By Laura Freeman
Women are different. Unlike men, whose DNA is the same in every cell of their bodies, women are mosaics. Assuming the law of averages, roughly half of the cells in a woman’s body are likely to be identical. The other half would tend to display a different active X chromosome.
“Very early in the development of a female embryo, most of the genes in one of the two X chromosomes are switched off,” said Bruce Korf, MD, Associate Dean for Genetic Medicine at UAB. “The process of selecting which X chromosome to inactivate seems to be random in each cell. On average, the probability would be that female babies would be born displaying the X chromosome from one parent in about half their cells and from the other parent in the rest.
“Usually you aren’t able to see the difference by looking at a woman except in the case of a rare pigment disorder that develops from a gene on the X chromosome. While we don’t want to overstate the protective effects, it is true that in a disease like Duchenne Muscular Dystrophy that develops from a gene on the X chromosome, women have an advantage. Since men only have one copy of X, if they have a defective gene for a disorder coded on that chromosome, they will develop the disease. With genes from two copies of the chromosome, women usually have at least one good gene to protect them. It would require the same mutation on a gene from both her father and her mother for a woman to have the full blown disease. She would be more likely to be only a carrier. It would be very long odds for her to develop the disorder, since few males born with the Duchenne gene live long enough to pass it on.”
There is a huge difference in the size of the X and Y chromosomes and the number of genes each carries. The X chromosome has around a thousand genes, some of which are yet to be fully understood. The Y chromosome has become smaller over time and now only has around 100 genes, some 80 of which are involved in the development of the male reproductive system.
“The Y chromosome is highly specialized,” Korf said. “Perhaps the biggest health difference in men comes from its role as the first domino. It starts the development of male organs that produce testosterone in quantities capable of influencing the traits we associate with maleness like body hair and muscle strength.”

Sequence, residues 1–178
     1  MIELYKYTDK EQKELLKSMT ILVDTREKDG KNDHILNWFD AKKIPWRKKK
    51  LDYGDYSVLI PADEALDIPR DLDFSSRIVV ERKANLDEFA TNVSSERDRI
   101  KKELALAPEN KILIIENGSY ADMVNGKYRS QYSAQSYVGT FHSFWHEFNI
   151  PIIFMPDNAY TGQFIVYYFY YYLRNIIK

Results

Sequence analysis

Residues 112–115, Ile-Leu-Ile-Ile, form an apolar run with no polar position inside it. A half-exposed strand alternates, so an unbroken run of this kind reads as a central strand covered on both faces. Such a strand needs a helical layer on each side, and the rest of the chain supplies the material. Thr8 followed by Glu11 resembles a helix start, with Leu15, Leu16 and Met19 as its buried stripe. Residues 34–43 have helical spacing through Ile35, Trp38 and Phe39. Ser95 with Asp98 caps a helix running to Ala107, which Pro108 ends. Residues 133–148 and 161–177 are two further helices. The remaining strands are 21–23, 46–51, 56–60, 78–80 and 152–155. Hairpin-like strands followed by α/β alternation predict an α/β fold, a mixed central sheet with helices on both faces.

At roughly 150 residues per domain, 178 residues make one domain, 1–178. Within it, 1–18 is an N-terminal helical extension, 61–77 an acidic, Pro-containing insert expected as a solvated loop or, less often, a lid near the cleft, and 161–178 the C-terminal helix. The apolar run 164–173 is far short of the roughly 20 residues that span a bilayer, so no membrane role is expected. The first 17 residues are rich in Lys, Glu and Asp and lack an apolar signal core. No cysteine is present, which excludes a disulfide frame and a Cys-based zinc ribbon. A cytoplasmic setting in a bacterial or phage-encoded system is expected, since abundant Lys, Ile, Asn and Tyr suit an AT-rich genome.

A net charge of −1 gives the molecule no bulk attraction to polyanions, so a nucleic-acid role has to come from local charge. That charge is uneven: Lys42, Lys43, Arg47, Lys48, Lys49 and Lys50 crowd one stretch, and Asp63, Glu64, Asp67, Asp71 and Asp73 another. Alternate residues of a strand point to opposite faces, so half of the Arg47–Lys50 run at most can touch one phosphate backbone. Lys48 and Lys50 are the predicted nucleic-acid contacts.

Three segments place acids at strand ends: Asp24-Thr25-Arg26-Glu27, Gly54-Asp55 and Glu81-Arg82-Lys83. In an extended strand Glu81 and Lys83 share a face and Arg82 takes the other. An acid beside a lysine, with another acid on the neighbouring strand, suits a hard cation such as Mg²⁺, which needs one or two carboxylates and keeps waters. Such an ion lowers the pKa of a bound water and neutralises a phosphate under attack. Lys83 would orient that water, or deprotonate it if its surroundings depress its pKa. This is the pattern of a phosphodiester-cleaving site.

Testosterone also affects the brain. Even the structure of the brain, arm muscles and pelvic bones differs between men and women to equip them to produce and protect the next generation. Unfortunately, the Y chromosome doesn’t give male bodies the same protection estrogen gives women against heart disease and other risks.
When some people hear the term mosaic, they think of an archeological dig from the Roman era with tiny stones creating decorative images in the floors found in Pompeii or Roman Britan.
When medical people hear the term, they tend to think of problems faced by people who have a genetic anomaly that makes them neither XX nor XY, but XXY or XYY or an even more complex combination of X and Y that may be associated with health and even behavior problems.
But in women, being a mosaic isn’t a disorder. Women’s bodies are capable of inactivating one of their two X chromosomes within each cell. Without this ability, XX women might not survive. In rare cases, women are born with only one copy of the X chromosome, which results in a disorder known as Turner syndrome that is associated with short stature, ovarian failure and heart issues. The XX mosaic capability seems to be an adaptive ability that evolved to help protect women and the next generation. It will take more research to understand its full effects.
Women can’t give the men in their families the protection of the mosaic effect. However, there are other ways they can help to protect their sons, nephews and grandsons.
“When a man gives a family history to your doctor, don’t forget to include the women in your family. Women who have ovarian, uterine or breast cancer tend to have male relatives who have prostate and other reproductive system cancers. The same is true of other conditions. People can inherit the health they start with from both sides of their family,” Korf said.
When family history isn’t known, patients may want to consider getting a clinical evaluation. Some home DNA kits cover a few genetic disorders. The All of Us project and the Alabama Genomic Health Initiative are two research programs open to local volunteers. They are looking for specific gene-linked disorders and will alert those who wish to know if they are at high risk for a treatable disorder. A 30-year-old who was unaware of being at high risk for colon cancer on both sides of the family was alerted in time to have numerous polyps removed that could have been lethal before the usual screening age.
“However, if you are concerned about knowing what your genetic risks may be, you may want to consider a full clinical evaluation and counseling, which is available at UAB. The risks you know are easier to avoid,” Korf said.